What Is gout? - Australian Rheumatology Association

This sheet has been written for people affected by gout. It provides general information
to help you understand gout and how to manage it. This sheet also covers ways to try
to prevent gout and where to find more information.
What is gout?
Gout is a common and painful condition that affects
the joints. Small crystals form in and around the joint,
causing inflammation, pain and swelling. These crystals
are made of one of the body’s normal waste products,
uric acid. Normally the body rids itself of extra uric acid
through the kidneys into the urine. However this does
not happen fast enough in people with gout. This causes
uric acid levels to build up and the crystals to form.
Who is affected by gout?
There are two main groups of people commonly affected
by gout:
• men between the ages of 40 and 50 years
• older people taking diuretics (also known as ‘water
pills’ or tablets which help the body get rid of water).
Gout in pre-menopausal women is rare and your doctor
may wish to further investigate your symptoms.
What are the symptoms?
An attack of gout usually comes on very quickly, often
overnight. The joint becomes very red, swollen and
extremely painful. Often the joint is intensely sore to
touch. Gout normally affects one joint at a time, often the
joint of the big toe. Other joints, such as the hands, wrists,
knees, ankles and elbows, can also be affected by gout.
What causes it?
Gout is usually caused by your kidneys not flushing
uric acid out of your body quickly enough. Gout runs
in families, although not all family members will be
affected. There are some lifestyle factors which may
increase your risk of developing gout, including:
• drinking alcohol
• dehydration (not drinking enough water)
• being overweight or overeating
1800 011 041 www.arthritisaustralia.com.au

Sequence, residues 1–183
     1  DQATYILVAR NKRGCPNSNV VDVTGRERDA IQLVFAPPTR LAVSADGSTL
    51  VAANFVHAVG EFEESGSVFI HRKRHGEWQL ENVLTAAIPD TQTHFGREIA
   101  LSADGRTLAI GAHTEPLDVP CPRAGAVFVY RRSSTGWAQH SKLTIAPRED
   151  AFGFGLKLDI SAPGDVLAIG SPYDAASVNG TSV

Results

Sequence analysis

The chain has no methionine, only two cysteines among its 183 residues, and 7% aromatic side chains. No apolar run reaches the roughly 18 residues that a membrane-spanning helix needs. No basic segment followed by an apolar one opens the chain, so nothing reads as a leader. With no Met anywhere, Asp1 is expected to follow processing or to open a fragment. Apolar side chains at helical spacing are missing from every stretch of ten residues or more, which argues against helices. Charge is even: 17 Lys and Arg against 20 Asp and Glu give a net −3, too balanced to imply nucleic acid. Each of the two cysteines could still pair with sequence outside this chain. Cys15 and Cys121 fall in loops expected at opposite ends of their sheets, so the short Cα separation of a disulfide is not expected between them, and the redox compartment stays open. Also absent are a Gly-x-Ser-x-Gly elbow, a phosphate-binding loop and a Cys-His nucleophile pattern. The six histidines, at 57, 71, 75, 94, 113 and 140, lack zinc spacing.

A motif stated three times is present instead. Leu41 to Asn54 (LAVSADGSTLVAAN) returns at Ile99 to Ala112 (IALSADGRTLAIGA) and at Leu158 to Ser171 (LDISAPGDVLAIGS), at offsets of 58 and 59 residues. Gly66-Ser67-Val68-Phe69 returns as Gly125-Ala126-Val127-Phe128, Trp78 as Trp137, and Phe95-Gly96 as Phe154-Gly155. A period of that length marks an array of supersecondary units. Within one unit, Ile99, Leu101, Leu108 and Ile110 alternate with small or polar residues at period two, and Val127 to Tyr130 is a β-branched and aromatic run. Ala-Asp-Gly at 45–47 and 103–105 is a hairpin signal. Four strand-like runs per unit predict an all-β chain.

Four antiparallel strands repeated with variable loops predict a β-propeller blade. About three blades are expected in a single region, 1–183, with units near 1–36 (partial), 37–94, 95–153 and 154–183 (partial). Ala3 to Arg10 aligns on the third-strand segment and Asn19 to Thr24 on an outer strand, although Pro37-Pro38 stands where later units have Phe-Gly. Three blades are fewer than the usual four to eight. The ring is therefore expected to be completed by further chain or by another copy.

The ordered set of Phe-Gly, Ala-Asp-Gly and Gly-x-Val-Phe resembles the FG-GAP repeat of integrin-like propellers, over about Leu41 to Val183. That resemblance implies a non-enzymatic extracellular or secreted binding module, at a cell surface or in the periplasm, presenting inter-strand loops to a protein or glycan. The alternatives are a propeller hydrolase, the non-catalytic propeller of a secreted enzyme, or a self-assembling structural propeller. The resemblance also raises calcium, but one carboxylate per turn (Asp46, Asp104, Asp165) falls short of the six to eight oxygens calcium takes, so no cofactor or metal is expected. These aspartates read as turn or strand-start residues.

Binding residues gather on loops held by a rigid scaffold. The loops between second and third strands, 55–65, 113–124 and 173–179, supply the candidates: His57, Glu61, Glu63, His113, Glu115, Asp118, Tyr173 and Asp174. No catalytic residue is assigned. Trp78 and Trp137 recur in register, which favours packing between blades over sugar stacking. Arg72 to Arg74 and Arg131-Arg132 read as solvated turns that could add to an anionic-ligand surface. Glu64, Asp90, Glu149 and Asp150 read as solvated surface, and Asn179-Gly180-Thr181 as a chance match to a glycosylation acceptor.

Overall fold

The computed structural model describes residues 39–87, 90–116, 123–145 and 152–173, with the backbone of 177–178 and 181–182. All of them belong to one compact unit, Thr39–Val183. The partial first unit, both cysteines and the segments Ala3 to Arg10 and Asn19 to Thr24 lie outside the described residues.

• ‘crash’ dieting or fasting
• eating certain foods (see next page).
Taking diuretics (water tablets) and/or having kidney
disease also increases your risk of developing gout.
How is it diagnosed?
Gout is diagnosed by finding crystals of uric acid in fluid
taken from your joint. Your doctor may test your urine
to see if your body is getting rid of extra amounts of uric
acid. Uric acid levels can also be measured by blood tests,
however these are not always accurate. Uric acid levels may
be normal or even lowered during an attack or gout. Blood
tests are most useful in ruling out other types of joint
infections or arthritis. X-rays are often normal in the early
stages of gout so are not very useful in diagnosing gout.
What will happen to me?
Without treatment, a gout attack usually lasts about
one week. Another attack may not happen for months
or even years. If gout is not managed well, the time
between attacks may get shorter, the attacks more severe
and the joints can be permanently damaged. Sometimes
gout can progress into a chronic (long term) condition,
• constant mild pain & inflammation of the affected
• tophi - solid deposits (lumps) of uric acid crystals,
especially on the ears, fingers, hands, forearms, knees,
and elbow
• kidney stones.
What can I do during a gout attack?
You should see your doctor when you have your first
attack of gout. Your doctor will recommend certain
medicines to reduce pain and inflammation caused by
gout, including:
• non-steroidal anti-inflammatory drugs (NSAIDs)